Restore the Earth? Not with Boris Johnson’s hopeless climate pledges

Scarlett Westbrook
·4-min read
<p>‘After a year that has seen a pandemic and natural disasters severely exacerbated by inadequate government responses, many of us are pleading for a stop to this state of affairs’</p> (Getty Images/iStockphoto)

‘After a year that has seen a pandemic and natural disasters severely exacerbated by inadequate government responses, many of us are pleading for a stop to this state of affairs’

(Getty Images/iStockphoto)

We’ve had yet another year of climate inaction from governments across the world, so following the 51st annual international day of environmental action: Earth Day, with this year’s theme being “restore our earth”, youth strikers across the UK are calling for an end to the reckless policy-making.

For Earth Day, prime minister Boris Johnson joined President Joe Biden and around 40 other heads of state on a video call summit where the politicians discussed the implementation of more inadequate climate pledges to add to their already insurmountable list. The first of these thinly-veiled greenwashing attempts is yet another unambitious decarbonisation target from Johnson.

Johnson’s plans to cut emissions by 78 per cent by 2035 fall short of what is needed to “restore the Earth”. We should be aiming for net zero.

After a year that has seen a pandemic and natural disasters severely exacerbated by inadequate government responses, many of us are pleading for a stop to this state of affairs. If we don’t act now, these unusual times will become the new normal. Many of the root causes of climate change (such as deforestation) are also factors that significantly increase the risks of pandemics (such as animals taking new migration paths due to habitat loss). If Johnson keeps pursuing this path of hoping his warm words cool the planet, January won’t be the last time pubs and non-essential retail close.

As the clock to total devastation keeps ticking, it’s time to break “business as usual”. It is time to put an end to handing out tax breaks to fossil fuel corporations, and it’s time to stop fuelling a profit-driven crisis through legislation that centres on corporate greed and devalues both people (unless they’re billionaires, of course) and the planet.

If we really want to take the climate crisis seriously, there’s no shortage of things that we can and should do – and the policy is already written up, just waiting to be implemented.

Contrary to what you might believe, we can in fact tackle the climate crisis whilst improving our quality of life. With Labour’s 2019 Warm Homes for All scheme, we could create 450,000 jobs whilst installing loft insulation, double glazing and renewable technologies in nearly all UK homes. We could continue this into education with Teach the Future’s English Climate Emergency Education Bill, which would retrofit all existing education buildings to be carbon net-zero by 2030 and incorporate “climate justice” into every aspect of the education system.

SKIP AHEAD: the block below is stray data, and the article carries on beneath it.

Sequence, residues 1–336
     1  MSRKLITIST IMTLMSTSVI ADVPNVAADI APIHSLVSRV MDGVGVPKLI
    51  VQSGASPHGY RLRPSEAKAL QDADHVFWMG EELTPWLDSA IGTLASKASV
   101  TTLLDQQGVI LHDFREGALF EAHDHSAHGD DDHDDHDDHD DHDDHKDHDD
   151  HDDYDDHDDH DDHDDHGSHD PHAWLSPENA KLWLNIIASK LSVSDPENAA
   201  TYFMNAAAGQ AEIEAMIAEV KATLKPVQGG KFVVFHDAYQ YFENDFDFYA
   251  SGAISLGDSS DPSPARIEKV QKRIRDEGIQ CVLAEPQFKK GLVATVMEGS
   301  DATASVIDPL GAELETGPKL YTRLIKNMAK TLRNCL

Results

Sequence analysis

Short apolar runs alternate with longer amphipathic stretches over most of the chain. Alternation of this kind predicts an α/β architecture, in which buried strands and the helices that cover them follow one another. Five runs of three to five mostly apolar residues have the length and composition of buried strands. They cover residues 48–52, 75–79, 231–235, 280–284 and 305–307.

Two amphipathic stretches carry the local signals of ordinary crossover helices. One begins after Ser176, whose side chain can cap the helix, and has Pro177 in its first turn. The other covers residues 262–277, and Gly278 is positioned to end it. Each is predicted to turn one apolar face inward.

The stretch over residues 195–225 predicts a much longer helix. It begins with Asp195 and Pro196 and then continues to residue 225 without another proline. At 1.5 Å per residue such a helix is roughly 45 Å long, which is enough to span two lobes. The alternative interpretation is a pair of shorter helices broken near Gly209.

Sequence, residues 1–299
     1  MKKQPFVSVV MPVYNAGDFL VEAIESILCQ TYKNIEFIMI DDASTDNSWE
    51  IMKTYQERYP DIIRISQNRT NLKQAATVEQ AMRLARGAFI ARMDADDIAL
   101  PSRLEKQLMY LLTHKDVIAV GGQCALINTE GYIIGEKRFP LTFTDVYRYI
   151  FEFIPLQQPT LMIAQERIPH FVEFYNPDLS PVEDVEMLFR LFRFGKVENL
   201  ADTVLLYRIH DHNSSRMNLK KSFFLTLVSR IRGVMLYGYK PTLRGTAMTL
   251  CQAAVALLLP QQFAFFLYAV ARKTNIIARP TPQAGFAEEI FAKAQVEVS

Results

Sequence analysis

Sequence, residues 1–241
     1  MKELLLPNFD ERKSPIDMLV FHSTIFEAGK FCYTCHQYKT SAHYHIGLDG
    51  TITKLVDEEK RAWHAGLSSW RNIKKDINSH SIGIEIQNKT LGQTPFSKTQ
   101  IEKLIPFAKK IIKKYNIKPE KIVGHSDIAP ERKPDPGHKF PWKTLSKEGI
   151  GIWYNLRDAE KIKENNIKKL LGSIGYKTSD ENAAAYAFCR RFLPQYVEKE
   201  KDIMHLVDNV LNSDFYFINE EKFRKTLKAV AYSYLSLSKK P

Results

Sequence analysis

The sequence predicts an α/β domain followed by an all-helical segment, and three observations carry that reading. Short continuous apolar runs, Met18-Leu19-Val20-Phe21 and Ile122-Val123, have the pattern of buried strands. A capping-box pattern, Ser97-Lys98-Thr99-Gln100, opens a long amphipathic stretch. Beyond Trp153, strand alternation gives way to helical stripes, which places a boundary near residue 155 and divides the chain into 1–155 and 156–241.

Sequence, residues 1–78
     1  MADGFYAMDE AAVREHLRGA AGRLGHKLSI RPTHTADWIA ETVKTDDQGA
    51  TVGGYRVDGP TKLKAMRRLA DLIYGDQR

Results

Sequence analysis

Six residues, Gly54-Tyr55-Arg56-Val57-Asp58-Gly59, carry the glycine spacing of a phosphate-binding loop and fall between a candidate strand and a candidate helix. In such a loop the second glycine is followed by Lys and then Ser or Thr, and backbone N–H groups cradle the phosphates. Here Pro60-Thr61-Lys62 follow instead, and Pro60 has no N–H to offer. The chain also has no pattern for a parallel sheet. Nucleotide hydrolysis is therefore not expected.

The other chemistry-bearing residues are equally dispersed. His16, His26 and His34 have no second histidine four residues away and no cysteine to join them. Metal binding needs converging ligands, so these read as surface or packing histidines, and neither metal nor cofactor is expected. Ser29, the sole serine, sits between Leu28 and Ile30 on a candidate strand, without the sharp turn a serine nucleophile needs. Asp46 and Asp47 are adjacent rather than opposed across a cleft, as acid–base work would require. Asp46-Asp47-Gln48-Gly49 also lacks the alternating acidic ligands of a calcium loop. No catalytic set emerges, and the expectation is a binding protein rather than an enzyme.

We can go even further than this by nationalising public transport and making it free at the point of use. With accessible, free public transport that reduces journey times, there is no more fantastic way to reduce a large number of our carbon emissions and create thousands of green jobs in the process as part of a Green New Deal. We don’t need to limit this to the UK: we can go further and expand existing rail services all across Europe, eliminating the need for planes. Furthering this, we can ensure that disabled people are provided with electric cars that meet their needs and operate on a zero-carbon budget.

The implementation of these policies would genuinely meet the aims this Earth Day has set out. To repay our global carbon debt and make reparations for our colonial damage we could provide those in the global south with the climate resilience technology, economic capacity and resources needed to decarbonise, ensuring that our own decarbonisation isn’t at the cost of their economy and political autonomy.

So following Earth Day, we’re once again begging our prime minister to step up and take the lead from young people who are tired of his constant pushing of measures that fall short of what is scientifically and politically warranted. It’s time for him to stop treating his job like a mock school parliament roleplay whilst actual schoolchildren do his job for him and announce the climate legislation we crucially need.

Climate change won’t wait for him to accept the reality before it strikes. There’s no shortage of potential policy – so why are we facing the greatest crisis of our lifetimes with a stark shortage of prime ministerial competence?

Scarlett Westbrook, 16, is the youngest person internationally to have an A-level in Government and Politics. She is spokesperson for the UK Student Climate Network and head of political engagement at Teach the Future.

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